Remember this devastating political ad from last year?
Many Americans probably do, as it represented a real turning point in the presidential campaign.
Aired in October, the ad picked up on an exchange from the vice-presidential debate between then-Senator Joe Biden and Alaska Gov. Sarah Palin. Palin had just explained that the McCain health-care plan would provide refundable tax credits of $5,000 per household to help families buy portable insurance. Biden, who had clearly been waiting for the issue to come up, responded with a scripted attack. What the McCain-Palin folks don’t tell you, Biden warned, is that they would — “for the first time in history” — tax your employer-provided health benefits.
The public, most of whom get their insurance from their workplaces, was taken aback and confused. Why would Republicans want to tax employer-sponsored health-care benefits? Aren’t Republicans for cutting taxes? Aren’t they for private, as opposed to public, health insurance? And how could a tax increase make anyone better off?
It was a devastating blow. The McCain campaign never adequately explained their plan or offered an effective counter-argument — and the Obama-Biden campaign never looked back. They rode the issue for weeks, airing millions of dollars in attack ads. Indeed, the effectiveness of the coordinated attack on the McCain health plan is surely one of the main reasons for Obama’s victory in November.
Well, guess what? Not five months later, having secured the presidency, President Obama has changed his tune. Taxing health-care benefits is not such a bad idea after all, he and his team now say.
How do we know this is their view? It’s the worst-kept secret in town. Obama’s budget included $318 billion in new revenue from limiting the deductibility of charitable contributions and mortgage interest. But this was never a serious proposal. It was always just a placeholder for the revenue that Senate Finance Committee chairman Max Baucus plans to raise by taxing a portion of employer-paid health premiums, as indicated in this piece from the Washington Post last Thursday.
The administration has already signaled that making this switch would be more than fine with them. In their budget submission, they said they would entertain any “serious” proposals offered by Congress to pay for the health-care plan, noting in particular that some have suggested “capping the exclusion of employer-sponsored health insurance.” This week, Office of Management and Budget director Peter Orszag went even further, stating emphatically that the idea of taxing employer-paid premiums should be “on the table” for consideration.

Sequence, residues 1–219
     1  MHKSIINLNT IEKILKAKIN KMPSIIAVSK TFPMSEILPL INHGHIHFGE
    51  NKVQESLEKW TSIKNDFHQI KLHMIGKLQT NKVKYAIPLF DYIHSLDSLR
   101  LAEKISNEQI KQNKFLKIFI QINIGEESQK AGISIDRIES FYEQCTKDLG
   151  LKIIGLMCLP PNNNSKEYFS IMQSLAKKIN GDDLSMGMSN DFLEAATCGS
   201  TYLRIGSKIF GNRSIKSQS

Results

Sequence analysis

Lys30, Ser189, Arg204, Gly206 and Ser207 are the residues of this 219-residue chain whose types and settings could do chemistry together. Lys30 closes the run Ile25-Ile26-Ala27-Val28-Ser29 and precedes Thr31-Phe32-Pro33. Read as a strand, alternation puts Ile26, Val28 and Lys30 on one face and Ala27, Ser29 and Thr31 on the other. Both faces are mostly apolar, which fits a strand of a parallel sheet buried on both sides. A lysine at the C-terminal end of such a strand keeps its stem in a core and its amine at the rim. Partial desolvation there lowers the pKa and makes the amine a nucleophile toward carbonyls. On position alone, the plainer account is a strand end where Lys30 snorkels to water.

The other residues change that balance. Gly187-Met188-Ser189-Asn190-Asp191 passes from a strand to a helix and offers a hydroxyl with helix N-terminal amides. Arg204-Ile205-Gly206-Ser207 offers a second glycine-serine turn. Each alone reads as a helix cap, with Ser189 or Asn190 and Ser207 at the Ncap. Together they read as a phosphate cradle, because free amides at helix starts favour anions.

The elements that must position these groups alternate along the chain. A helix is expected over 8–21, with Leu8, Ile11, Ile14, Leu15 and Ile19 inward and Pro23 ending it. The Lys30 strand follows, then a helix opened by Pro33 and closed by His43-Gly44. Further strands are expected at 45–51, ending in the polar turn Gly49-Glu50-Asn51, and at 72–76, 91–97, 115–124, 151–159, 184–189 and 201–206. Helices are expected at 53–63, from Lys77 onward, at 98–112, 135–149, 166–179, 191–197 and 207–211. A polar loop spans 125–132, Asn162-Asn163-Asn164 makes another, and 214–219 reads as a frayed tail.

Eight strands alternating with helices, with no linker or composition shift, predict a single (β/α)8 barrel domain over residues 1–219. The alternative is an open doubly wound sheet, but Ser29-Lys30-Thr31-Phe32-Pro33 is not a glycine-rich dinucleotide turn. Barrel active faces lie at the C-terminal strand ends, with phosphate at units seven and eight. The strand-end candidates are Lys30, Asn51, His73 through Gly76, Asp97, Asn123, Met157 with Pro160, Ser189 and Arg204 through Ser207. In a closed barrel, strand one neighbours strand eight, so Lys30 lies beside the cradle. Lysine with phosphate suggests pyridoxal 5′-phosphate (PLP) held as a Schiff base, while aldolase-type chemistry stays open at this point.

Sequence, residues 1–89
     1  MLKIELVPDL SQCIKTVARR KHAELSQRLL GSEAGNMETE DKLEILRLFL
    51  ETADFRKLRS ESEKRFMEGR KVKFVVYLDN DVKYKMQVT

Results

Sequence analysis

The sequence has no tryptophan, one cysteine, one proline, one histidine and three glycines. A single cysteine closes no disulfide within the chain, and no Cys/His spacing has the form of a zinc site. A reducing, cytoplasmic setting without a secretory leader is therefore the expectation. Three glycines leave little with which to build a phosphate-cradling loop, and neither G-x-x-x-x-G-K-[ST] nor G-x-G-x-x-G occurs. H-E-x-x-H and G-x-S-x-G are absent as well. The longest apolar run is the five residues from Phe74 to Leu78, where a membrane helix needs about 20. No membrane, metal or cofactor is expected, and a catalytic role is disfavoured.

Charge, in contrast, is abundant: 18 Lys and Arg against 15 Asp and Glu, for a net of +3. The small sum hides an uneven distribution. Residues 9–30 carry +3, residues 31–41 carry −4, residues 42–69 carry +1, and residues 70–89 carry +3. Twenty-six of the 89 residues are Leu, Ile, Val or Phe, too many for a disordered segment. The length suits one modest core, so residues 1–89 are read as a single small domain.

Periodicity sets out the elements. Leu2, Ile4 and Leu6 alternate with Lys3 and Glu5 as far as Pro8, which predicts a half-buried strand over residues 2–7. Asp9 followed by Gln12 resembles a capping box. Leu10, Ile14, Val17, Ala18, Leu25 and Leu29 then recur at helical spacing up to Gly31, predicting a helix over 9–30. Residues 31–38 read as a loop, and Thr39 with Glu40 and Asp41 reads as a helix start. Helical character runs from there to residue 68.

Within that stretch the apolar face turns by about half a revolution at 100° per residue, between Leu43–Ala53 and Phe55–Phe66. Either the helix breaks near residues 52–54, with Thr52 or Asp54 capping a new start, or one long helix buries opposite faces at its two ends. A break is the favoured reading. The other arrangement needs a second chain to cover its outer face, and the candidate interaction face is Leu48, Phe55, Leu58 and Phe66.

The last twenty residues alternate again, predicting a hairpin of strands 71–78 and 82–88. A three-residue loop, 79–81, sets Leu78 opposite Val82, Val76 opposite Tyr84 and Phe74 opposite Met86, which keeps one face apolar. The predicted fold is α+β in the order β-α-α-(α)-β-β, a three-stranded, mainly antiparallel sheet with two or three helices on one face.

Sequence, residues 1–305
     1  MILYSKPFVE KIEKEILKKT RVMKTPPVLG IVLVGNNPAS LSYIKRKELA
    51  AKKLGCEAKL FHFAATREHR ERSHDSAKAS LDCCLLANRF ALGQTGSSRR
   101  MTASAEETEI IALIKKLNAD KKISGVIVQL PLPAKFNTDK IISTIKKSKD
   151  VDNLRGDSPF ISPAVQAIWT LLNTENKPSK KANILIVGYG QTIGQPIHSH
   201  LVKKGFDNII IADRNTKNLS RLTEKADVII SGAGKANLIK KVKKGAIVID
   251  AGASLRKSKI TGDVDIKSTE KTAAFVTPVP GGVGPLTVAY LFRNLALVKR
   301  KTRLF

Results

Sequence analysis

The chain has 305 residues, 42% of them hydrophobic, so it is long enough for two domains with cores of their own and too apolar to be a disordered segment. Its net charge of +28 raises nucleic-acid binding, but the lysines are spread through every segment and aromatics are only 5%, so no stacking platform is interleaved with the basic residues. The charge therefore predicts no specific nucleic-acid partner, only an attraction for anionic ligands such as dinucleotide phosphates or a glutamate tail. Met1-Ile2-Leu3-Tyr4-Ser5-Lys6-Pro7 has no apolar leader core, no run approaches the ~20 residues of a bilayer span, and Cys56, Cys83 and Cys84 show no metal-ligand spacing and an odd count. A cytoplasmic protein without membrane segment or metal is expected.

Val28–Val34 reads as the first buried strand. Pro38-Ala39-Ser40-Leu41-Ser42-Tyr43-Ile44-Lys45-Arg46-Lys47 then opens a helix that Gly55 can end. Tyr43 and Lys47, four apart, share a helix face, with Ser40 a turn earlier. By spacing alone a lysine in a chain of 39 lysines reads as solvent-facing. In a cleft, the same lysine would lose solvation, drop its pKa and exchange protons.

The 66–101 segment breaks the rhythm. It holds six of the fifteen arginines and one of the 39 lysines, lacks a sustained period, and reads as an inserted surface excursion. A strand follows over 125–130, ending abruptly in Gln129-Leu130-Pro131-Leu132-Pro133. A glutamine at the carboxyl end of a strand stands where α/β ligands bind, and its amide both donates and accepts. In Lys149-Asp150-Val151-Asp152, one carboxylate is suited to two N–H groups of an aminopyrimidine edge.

Why would Senator Baucus take on something that was so ferociously attacked by his own party just months earlier? There is probably only one reason: Sen. Charles Grassley.
Senator Baucus is desperate to secure a deal on health-care with Senator Grassley, who serves as the Finance Committee’s ranking Republican. Once struck, a Baucus-Grassley plan would almost guarantee passage in the Senate, making it much more likely that a bill would reach the president’s desk this year.
It is certainly the case that Republicans have long argued that changing the tax treatment of job-based plans is fundamental to an effective reform plan. Today’s open-ended preference encourages overly-expansive insurance and makes it difficult to jump-start a more robust individual market where people, not firms, would own the coverage.
But will Baucus really offer up a tax change with teeth? There are reasons to be skeptical. Indeed, it is possible to raise a lot of revenue with a flawed change in the tax treatment of health insurance. For instance, Baucus might seek to impose a tax on any benefits offered by firms that exceed a government-dictated minimum plan. Instead of forcing cost-conscious consumption, such a change would simply enforce a new, government-written benefit package.
Moreover, what else would be in the Baucus plan? To get a good change in the tax treatment of health insurance, would Republicans have to sign off on a government-run option? A national insurance exchange? A federal health board? An employer “pay or play” mandate? Price controls and rationing? It is a near certainty that whatever price Baucus would seek from Republicans to get a sensible tax law change would be much too high.
If Senator Baucus and President Obama want to tax health benefits “for the first time in history” to pay for the Obama health-care vision, Republicans should let them see how far they can get on their own.